850 Bryant

Went to Jail today,
to get a rap sheet
through metal detectors
and elevators out of a 60’s Police Show
found the right room
down a long marbled hall
of plexi-glass windows
people shuttling in and out of doors
with numbers on them.

Memories float up from downstairs
of wood paneled courtrooms
where this future was decided
long ago
nerves balanced on folding wood seats
or worse
the holding cell out back
cement seat
cement walls
toilet paper roll for pillow
a slight softness
in a hard box
of back pain and hemorrhoids.

Orange sweats like every other
antsy desperate person
in this funky tight space
smells brown
like wet paper towels.
Wait for your name
eat lunch from a small cardboard box
dry bread a packet of mustard.

You waited and you waited
no make up or hair brush
a black plastic comb
raw porous you
under fluorescent
ill fitting orange always looks guilty
in front of the judge
un-cuffed for a minute
the public pretender plays the role
over your shoulder you sneak a look
at the wooden chairs
but see no one
there for you.

Back to the holding cell
the maze of granite behind chambers
echoing with keys and deputy’s black shoes.

A future doomed
to return here
some day
even if not in custody.

To go to a little window
on one of these floors
between the cells upstairs
and the courtrooms down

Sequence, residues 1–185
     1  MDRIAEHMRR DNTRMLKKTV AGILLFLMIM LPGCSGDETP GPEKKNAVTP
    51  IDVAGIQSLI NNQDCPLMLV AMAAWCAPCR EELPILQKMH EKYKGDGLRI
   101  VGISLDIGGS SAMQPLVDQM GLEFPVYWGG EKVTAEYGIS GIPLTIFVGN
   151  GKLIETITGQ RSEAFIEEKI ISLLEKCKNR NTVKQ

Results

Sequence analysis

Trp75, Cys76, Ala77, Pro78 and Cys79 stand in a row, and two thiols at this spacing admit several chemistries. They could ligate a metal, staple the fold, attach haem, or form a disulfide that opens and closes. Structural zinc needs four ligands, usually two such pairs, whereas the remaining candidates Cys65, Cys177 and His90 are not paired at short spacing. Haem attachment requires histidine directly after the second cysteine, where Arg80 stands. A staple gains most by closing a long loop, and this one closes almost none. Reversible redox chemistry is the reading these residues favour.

ask for printed numbers
on a page
case numbers
violation numbers
docket numbers
numbers that represent who you were
what you did
and what you are allowed to become
these numbers have followed
you through life.

Many times
you placed a thumb
rolled it
gave up another
then all of them
slowly rolling
giving up your magnificence
an art display you were born with
your very own map
of future
and past.

What You’ll Take

No longer hazy and dull
Sober and removed
from the mentality of the block
the clothes that I bought for you
the children I gave you back to
an electric toothbrush
a truck big enough to fit you,
your kids, and clothes
a 68 Mustang with gold wheels
to keep your street rep intact
and a wound for a heart
the scar you will carry
to the next woman
who loves you

Cassandra Dallett lives in Oakland, CA. She is Mama Cass to four kids and two Pit bulls. When not working as a Nurse Aid or cooking for her army, she writes poetry.

Cassandra has published in Hip Mama, The Chiron Review, Bleed Me A River, Ascent Aspirations, Criminal Class Review, Nibble, and The Milvia Street Journal among many others. Look for links on cassandradallett.com

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